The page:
Domestic travelers wear face masks as they arrive at the Wellington International Airport on August 12, 2020. (AFP/Marty Melville)
New Zealand hopes to open a travel bubble with Australia by April next year and is working to finalize the necessary anti-coronavirus border measures, Prime Minister Jacinda Ardern said Monday.
Ardern said New Zealand's cabinet had agreed "in principle" to open a trans-Tasman travel bubble in the first quarter of 2021 provided there are no major virus outbreaks in either country.
"It is our intention to name a date for the commencement of quarantine-free trans-Tasman travel in the new year, once remaining details are locked down," she told reporters.
New Zealand closed its borders in March and since then all international arrivals, including Australians, have been required to undergo two weeks of managed isolation.
The country has been widely praised for its strict handling of the coronavirus which has caused just 25 deaths in a population of five million.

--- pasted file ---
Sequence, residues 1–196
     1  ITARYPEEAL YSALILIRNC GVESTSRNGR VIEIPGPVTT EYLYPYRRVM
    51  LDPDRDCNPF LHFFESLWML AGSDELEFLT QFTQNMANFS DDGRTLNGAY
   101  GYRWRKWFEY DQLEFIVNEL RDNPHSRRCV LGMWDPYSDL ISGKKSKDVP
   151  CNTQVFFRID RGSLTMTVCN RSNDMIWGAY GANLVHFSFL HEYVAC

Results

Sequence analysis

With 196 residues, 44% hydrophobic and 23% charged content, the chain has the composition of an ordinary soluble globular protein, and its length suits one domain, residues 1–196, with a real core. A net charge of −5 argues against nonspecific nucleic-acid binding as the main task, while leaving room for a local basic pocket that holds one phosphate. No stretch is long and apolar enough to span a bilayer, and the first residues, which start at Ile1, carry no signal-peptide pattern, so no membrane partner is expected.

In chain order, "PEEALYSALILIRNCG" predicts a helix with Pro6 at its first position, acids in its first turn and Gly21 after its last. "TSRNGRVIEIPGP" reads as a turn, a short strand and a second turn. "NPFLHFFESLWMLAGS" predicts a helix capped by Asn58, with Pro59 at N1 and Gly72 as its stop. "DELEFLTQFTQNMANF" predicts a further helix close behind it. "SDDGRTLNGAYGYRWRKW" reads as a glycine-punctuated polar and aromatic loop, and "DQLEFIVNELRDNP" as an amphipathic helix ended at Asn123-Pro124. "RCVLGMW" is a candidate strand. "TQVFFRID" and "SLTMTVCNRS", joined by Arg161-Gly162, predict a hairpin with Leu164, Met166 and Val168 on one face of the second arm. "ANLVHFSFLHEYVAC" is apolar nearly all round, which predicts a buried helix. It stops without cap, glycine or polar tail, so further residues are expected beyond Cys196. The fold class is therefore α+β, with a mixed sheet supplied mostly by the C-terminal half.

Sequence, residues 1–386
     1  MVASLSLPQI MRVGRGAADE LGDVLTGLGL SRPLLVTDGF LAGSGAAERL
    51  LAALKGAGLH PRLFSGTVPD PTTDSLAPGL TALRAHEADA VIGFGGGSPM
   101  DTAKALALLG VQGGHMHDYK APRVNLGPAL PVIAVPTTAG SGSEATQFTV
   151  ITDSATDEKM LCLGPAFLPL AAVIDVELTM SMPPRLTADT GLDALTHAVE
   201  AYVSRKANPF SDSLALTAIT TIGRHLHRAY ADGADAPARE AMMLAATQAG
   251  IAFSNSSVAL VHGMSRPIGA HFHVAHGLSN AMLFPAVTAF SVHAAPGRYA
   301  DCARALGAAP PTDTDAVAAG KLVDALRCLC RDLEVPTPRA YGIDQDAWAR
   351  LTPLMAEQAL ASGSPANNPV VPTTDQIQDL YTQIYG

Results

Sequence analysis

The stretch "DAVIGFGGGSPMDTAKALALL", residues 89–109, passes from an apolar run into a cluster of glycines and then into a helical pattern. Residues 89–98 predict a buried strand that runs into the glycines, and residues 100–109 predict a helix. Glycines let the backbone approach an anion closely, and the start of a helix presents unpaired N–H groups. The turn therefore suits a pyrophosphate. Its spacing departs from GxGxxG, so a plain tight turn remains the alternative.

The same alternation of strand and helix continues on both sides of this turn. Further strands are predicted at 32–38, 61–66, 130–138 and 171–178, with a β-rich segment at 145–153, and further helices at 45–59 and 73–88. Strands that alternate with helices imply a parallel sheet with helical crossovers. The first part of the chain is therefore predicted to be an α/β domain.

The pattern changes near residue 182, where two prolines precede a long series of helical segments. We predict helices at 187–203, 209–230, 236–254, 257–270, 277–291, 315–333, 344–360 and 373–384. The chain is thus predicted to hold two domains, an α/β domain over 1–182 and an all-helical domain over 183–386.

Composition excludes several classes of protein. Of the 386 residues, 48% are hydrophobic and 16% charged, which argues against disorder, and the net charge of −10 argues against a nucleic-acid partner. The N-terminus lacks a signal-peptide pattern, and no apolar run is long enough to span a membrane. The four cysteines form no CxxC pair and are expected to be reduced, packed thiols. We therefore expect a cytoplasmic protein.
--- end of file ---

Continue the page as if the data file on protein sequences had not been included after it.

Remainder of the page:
Ardern said she would not allow unnecessary risks to be taken to reopen travel with Australia, which before the pandemic was New Zealand's largest source of overseas visitors.
She said a key consideration was how to prevent border facilities being swamped if there was a major virus outbreak in Australia that prompted thousands of visiting New Zealanders to rush home.
"It's not a hypothetical -- there have been several (Australian outbreaks)," she said.
"We'd need to make arrangements to have potentially thousands of New Zealanders brought back to New Zealand in numbers we would not necessarily be able to handle in managed isolation."
Australia has allowed quarantine-free travel for New Zealand arrivals since October, but New Zealand has not reciprocated, maintaining its 14-day quarantine.
Over the weekend, New Zealand announced a similar plan for a travel bubble with the tiny Cook Islands in the Pacific in the first quarter of next year.
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